The Advantages of Digital Technology in Pediatric Dentistry

Digital advances in Pediatric Dentistry are amazing. Not only do they provide for patient comfort, they create opportunities for Pediatric Dentists to provide better treatment.   Digital X-Rays The cutting-edge technology of digital X-rays, also known as digital radiography, enables the Pediatric Dentist to take crisp X-ray images of the teeth, supporting bone and gums and download them instantaneously into the computer without delay, thus eliminating the need for environmentally-harmful film and chemical development. It also allows dentists to magnify and enhance images to review specific dental issues, and instantly transfer them to a patient’s file or dental specialist such as the child’s orthodontist.   Digital X-rays are faster and safer than traditional X-rays, reducing the exposure to radiation by up to 90%.   Digital Photography The intra-oral camera allows a patient to see what the dentist sees: their mouth from the inside. These photographs can also be enlarged and enhanced to show detail, creating better means of communication and documentation. Since they are not X-rays, there is no radiation involved. The camera is additionally used for “before” and “after” photos, presentations, enhanced diagnosis, insurance claims, and education or monitoring with parents and patients concerning overall dental health.   Digital Panoramic X-Rays Panoramic digital X-rays show the health status of all the teeth in one film. Used primarily to show the upper and lower jaw, the TMJ and the sinus areas, to record existing condition and detect abnormalities of the developing teeth, salivary glands, cysts, displaced teeth follicles, etc.   They are especially helpful for children who have orthodontic problems, or those who have medical or behavioral special needs... read more

What to do with Trauma?

Active children always seem to be injuring themselves in one way or another. Most of the time, the injury is minor, like a bruise or a scrape. However, sometimes the child needs to see a doctor or a dentist, such as in the case of a broken or loose tooth.   Pediatric dentists are especially trained in the management and case of tooth trauma on young teeth. Here is a brief guideline offered by the American Academy of Pediatric Dentistry of the types of trauma children’s teeth can incur, and how you as a parent can help minimize the damage and long term effects.   Knocked Out Tooth If a child’s tooth becomes knocked out, the sooner you contact your Pediatric dentist, the better. Quick action can lessen a child’s discomfort, prevent infection, and perhaps save the tooth. Call us even if the injury occurs after regular dental office hours. For baby teeth, rinse the child’s mouth out with water and apply a cold compress to reduce swelling. Do not spend time looking for the tooth, as baby teeth cannot be replanted.   For permanent teeth, find the tooth and gentlyrinse it in cold water. DO NOT scrub the tooth or use soap or let it dry out outside the mouth. Handling it only by the crown (don’t touch the root surface), replace the tooth in the socket and have the child hold it there in place with a clean washcloth or gauze as you travel to the dentist. DO NOT place the tooth in water; if you need to carry the tooth, put it into a container with... read more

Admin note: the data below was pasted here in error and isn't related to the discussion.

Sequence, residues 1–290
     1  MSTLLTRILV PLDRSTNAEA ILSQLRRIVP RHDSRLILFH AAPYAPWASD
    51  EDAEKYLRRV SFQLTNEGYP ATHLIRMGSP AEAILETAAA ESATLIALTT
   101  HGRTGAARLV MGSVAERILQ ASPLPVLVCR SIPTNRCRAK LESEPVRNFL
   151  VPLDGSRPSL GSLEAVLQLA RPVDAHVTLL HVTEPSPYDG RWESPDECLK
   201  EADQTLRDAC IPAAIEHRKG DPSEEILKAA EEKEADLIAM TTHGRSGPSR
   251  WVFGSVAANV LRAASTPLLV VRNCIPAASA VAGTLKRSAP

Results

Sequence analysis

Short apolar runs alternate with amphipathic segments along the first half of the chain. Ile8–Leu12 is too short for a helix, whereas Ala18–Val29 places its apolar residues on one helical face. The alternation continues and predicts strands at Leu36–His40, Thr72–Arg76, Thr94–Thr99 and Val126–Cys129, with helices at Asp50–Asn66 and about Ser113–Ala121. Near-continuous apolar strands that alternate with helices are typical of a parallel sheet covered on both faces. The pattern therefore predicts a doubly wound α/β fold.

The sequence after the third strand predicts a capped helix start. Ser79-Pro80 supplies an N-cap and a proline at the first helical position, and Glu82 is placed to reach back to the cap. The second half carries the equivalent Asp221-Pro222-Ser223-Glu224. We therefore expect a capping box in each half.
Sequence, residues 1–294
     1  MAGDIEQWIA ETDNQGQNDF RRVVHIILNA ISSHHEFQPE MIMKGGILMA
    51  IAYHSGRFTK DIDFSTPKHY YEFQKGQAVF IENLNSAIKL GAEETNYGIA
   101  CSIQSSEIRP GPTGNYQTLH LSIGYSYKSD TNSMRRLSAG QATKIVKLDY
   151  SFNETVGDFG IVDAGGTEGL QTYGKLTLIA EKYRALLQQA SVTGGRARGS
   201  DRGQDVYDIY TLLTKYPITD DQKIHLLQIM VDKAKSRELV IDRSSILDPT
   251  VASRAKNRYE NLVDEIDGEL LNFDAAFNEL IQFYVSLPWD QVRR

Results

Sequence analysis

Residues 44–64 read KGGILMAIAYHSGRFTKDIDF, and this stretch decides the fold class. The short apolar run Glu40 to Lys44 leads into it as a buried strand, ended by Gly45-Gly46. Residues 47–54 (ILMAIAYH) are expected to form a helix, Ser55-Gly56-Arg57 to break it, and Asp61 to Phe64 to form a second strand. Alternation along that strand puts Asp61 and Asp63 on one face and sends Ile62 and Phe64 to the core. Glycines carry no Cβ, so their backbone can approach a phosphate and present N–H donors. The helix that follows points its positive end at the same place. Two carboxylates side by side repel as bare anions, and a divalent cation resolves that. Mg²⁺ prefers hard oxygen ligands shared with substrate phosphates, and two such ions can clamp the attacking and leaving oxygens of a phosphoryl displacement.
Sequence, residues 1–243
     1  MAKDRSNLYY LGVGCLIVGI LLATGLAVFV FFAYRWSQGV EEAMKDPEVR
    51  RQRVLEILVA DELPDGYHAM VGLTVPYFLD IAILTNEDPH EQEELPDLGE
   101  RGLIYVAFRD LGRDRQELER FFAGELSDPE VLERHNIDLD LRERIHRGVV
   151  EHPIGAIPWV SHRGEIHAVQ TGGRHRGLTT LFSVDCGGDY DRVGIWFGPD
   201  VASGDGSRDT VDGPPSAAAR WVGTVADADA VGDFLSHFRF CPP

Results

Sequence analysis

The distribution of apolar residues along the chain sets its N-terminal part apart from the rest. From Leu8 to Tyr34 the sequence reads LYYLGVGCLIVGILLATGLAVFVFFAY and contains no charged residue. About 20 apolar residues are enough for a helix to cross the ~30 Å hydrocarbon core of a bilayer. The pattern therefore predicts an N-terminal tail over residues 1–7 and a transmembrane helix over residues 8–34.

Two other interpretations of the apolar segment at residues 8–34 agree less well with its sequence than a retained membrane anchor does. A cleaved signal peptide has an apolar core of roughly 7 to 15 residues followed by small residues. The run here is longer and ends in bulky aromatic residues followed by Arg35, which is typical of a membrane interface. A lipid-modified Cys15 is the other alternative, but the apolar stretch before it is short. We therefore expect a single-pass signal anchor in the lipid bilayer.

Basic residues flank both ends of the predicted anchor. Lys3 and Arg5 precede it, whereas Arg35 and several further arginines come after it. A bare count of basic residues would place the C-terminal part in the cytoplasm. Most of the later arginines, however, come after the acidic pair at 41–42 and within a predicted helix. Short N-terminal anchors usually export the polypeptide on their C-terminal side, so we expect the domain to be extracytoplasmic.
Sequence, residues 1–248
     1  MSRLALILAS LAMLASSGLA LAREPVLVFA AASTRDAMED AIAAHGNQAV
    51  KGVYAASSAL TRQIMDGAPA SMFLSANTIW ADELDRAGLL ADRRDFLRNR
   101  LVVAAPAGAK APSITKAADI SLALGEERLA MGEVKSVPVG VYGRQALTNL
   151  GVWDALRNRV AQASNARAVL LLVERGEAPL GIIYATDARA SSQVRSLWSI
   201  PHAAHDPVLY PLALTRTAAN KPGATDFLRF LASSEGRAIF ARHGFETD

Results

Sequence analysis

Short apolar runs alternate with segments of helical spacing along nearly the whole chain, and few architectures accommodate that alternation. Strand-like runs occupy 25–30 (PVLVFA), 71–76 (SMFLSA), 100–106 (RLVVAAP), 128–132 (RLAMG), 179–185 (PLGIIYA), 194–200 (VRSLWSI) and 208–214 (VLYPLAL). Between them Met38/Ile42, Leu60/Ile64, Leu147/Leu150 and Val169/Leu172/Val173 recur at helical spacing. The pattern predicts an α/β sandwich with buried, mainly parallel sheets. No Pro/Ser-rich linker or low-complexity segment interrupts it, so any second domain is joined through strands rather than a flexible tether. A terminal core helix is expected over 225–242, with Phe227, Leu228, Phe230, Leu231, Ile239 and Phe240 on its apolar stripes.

When should your child start using Mouthwash?

Managing your children’s oral health involves a daily reigeme of eating healthy, brushing and flossing to help stop bacteria from building up in the mouth and to stop cavities from forming, which is the ultimate goal. At World Pediatric Dental we strive to do everything we can as your children’s dentist to prevent tooth decay from forming in your child’s mouth. We get asked by parents the right toothbrush, toothpaste and floss to use for their children, but  not many ask about mouthwash. (If you have not asked us which toothbrush/toothpaste/floss  are best for your child ask us the next time you are in our office! Those three things are still the most important tools to maintaining proper oral hygiene for your kids.)   Along with brushing and flossing, mouthwash can help keep the mouth healthy, fresh and free of bacteria, but is mouthwash safe for your kids?   If your child is under 6 years of age the American Dental Association recommends that your child wait to use mouthwash. The reason for this is children under 6 might have a problem remembering to only gargle the mouthwash and not swallow it. A good way to see if your child is ready to use  mouthwash is have them put water in their mouth, swish it around and then spit. If they are able to do this then they may be ready to use mouthwash.   When your child is ready to use mouthwash make sure to get a kid friendly product, one designed specifically for children. The reason for this is because adult mouthwash contains alcohol and is more harmful... read more